The male makes several scrapes on the ground, from which the females decide the most suitable nest site. The ideal site is generally a natural depression or a flat spot near dwarf birches or willows and is sometimes near water. The nest itself is a simple depression that is lined with softer plant material like willow and birch leaves, grasses, sedges, cotton grass, horsetail, mosses, and lichens. The resulting nests are about 4.1 inches across and 1.2 inches tall.

Anatomy of a Stilt Sandpiper

Stilt Sandpipers are medium-sized shorebirds with a body length of 7.9–9.1 inches and an approximate weight of 1.8–2.5 ounces. They have a plump belly but seem to be slender due to their long legs, long and slim neck, and long but slightly decurved bill. Their long, narrow wings and feet extend well past the tip of their tail while they are in flight. These proportions make them similar in size to Dunlins but smaller than Lesser Yellowlegs.

Final Thoughts

The cumulative numbers of these birds are not well studied. Stilt Sandpiper populations may be declining, but the extent of the decline is not known. Populations carefully studied from the 1960s to the present in northern Canada have apparently suffered from the proliferation of nesting Snow Geese, which degrade the species’ nesting habitat. Other factors that harm them are petroleum and gas development that occurs in breeding areas, along with the development of wetlands in their wintering areas. Habitat loss might account for a disproportionately harmful effect to their populations, as climate change in the arctic and subarctic regions intensifies. Moreover, these birds are still hunted in the Caribbean and South America.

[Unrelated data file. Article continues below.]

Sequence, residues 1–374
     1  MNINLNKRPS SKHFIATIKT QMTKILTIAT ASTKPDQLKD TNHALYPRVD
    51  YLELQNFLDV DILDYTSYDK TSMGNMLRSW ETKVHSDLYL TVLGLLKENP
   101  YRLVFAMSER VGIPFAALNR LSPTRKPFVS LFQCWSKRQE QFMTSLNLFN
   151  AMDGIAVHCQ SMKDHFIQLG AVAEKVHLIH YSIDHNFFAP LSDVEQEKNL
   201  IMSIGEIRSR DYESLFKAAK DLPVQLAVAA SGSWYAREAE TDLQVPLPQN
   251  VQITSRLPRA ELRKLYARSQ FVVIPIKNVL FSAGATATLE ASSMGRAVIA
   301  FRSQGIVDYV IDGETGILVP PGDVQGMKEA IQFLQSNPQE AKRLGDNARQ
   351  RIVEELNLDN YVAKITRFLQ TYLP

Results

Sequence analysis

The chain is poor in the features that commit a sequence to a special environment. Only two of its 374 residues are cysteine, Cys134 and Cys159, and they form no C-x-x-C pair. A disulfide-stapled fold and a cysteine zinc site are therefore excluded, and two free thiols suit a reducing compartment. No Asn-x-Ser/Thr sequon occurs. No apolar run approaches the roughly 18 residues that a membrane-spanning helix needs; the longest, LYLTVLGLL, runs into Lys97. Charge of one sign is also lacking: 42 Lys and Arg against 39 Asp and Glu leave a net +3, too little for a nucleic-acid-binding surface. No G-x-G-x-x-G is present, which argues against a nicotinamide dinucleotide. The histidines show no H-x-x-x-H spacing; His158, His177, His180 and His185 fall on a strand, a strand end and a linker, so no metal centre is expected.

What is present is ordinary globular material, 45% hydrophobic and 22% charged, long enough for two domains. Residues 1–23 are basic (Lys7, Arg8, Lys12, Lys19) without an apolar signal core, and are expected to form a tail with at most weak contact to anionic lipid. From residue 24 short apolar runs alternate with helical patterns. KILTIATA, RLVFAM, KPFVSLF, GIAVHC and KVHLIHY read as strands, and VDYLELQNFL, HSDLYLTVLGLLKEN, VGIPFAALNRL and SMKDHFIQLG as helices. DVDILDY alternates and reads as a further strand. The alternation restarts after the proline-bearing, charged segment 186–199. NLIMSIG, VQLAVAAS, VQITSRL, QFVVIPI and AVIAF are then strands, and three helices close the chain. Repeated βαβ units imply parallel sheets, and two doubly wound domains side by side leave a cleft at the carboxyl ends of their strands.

Stilt Sandpipers are remarkable in their own way. They offer curious insights that were not considered by scientists before, such as longest-billed female Sandpipers and shortest-billed males being the first to pair up during the breeding seasons. Why such behavior occurs is not fully understood yet, but it is interesting, nevertheless. They hold a candle to the fact that sometimes, the smallest and most unassuming birds can offer the greatest surprises.


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Bird HousesForStilt Sandpipers